Who’s NOT Selling My Products? or How to Identify Distribution Voids
Let’s start with stating the obvious: Shoppers cannot buy your products if they are not available where they shop. Even though your brand may have 12 different items in its product line, not every retailer carries every item. You can identify which retailers sell which items using a relatively straightforward data pull from IRI or Nielsen.
Here is what you need to pull for each of the 4 dimensions:
- Products: Total Brand plus all of your individual items (or specific items you are interested in)
- Geographies: Total US, all available retailers (or particular ones you are interested in)
- Period: Most recent month or 4-week period available
- Measure: %ACV Distribution
In order to make it easy to see who sells what, have your items go across the top (as columns) and the retailers down the side (as rows). Depending on your data query tool, Period and Measure should be in “Page By” or at the upper left of the query.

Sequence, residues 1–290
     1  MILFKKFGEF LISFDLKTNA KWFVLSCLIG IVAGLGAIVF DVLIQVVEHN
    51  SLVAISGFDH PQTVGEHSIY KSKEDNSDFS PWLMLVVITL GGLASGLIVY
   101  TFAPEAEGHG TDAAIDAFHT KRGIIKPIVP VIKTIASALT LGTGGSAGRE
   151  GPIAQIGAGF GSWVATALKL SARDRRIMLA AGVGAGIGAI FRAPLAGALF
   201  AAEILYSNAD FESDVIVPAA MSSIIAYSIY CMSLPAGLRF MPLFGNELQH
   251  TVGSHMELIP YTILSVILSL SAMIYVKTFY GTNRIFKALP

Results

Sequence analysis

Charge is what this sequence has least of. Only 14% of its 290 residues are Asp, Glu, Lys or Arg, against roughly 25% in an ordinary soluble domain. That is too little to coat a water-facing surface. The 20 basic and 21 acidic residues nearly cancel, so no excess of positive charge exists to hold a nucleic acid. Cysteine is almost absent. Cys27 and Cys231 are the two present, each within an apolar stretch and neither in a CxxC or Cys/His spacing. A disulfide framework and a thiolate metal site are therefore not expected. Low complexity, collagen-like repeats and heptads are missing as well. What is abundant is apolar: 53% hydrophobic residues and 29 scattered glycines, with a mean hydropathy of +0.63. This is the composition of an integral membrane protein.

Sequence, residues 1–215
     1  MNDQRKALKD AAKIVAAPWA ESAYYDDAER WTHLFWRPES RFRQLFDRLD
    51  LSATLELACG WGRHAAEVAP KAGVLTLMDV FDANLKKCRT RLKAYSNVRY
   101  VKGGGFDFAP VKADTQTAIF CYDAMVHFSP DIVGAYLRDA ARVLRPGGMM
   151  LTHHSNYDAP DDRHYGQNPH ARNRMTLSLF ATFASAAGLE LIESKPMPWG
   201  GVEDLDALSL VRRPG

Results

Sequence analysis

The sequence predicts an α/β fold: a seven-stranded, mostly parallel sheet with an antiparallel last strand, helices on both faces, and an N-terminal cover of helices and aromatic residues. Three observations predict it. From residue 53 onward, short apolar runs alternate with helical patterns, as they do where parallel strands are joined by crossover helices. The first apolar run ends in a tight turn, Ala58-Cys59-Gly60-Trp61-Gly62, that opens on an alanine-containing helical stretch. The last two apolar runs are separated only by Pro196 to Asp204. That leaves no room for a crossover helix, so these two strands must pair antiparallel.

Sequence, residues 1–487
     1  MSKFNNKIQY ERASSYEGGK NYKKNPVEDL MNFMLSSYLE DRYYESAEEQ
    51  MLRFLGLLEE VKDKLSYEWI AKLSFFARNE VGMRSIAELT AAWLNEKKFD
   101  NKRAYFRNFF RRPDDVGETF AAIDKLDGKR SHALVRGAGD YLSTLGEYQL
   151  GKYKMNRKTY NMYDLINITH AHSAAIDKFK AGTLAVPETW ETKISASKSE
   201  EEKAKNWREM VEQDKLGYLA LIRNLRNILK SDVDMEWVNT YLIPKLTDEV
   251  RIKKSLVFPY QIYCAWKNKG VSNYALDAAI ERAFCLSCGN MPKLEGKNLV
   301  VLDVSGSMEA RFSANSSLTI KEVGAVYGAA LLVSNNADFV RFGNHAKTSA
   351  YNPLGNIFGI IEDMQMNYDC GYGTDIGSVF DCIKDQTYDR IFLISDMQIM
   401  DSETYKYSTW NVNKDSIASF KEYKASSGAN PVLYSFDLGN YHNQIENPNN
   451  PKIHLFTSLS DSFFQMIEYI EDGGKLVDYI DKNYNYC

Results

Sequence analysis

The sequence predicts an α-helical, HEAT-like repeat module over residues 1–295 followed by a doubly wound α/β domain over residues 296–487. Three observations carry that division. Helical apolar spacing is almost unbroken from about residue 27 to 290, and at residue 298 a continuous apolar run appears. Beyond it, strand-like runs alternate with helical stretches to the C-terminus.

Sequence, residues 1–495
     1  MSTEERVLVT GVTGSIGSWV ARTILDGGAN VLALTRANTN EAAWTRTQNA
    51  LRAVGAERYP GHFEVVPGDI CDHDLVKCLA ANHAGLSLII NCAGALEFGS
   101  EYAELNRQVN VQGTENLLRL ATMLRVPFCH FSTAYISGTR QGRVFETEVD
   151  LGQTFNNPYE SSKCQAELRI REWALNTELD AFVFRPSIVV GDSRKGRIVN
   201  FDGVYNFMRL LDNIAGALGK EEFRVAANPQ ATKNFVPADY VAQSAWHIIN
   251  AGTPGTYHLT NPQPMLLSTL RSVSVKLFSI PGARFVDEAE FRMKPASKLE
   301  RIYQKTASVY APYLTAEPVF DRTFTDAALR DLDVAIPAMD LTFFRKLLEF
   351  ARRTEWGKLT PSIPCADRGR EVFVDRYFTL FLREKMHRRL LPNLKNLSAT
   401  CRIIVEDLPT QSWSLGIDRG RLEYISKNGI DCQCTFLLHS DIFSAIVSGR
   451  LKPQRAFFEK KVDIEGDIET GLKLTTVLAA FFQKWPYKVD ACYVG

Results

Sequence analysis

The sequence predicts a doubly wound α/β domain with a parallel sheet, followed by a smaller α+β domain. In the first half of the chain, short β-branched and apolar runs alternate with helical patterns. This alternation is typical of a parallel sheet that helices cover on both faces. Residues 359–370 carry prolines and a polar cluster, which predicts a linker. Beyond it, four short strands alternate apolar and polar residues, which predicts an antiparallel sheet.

A good rule of thumb when setting up a data query is to have the dimension with the most values as rows. So if you have lots and lots of varieties of your brand but don’t buy data for that many retailers, you may want to list your products as rows with the retailers across the top. The point is to have a matrix where you can look across retailers and items to identify distribution opportunities.
Take a look at the following example. The Charlie’s Chips brand is made up of 6 items and we are looking to see if there are any distribution voids at the largest Grocery retailers.
4 wks ending 6/29/19
We can see that:
- All the key retailers carry the brand and also the 2 sizes of Original flavor. How do we know? Because the first 3 columns have % ACV Distribution near 100.
- The cells highlighted in red are distribution opportunities where that retailer does not carry that specific item at all.
- The cells highlighted in yellow are opportunities to increase the distribution of that item at that retailer, since some but not all stores carry it. (I used the rule of < 90% is an opportunity. You can choose whatever you want.)
Now your salesforce knows where to focus their efforts in terms of gaining distribution. How do you know which to go after first? Read this post to see how to quantify those distribution opportunities.
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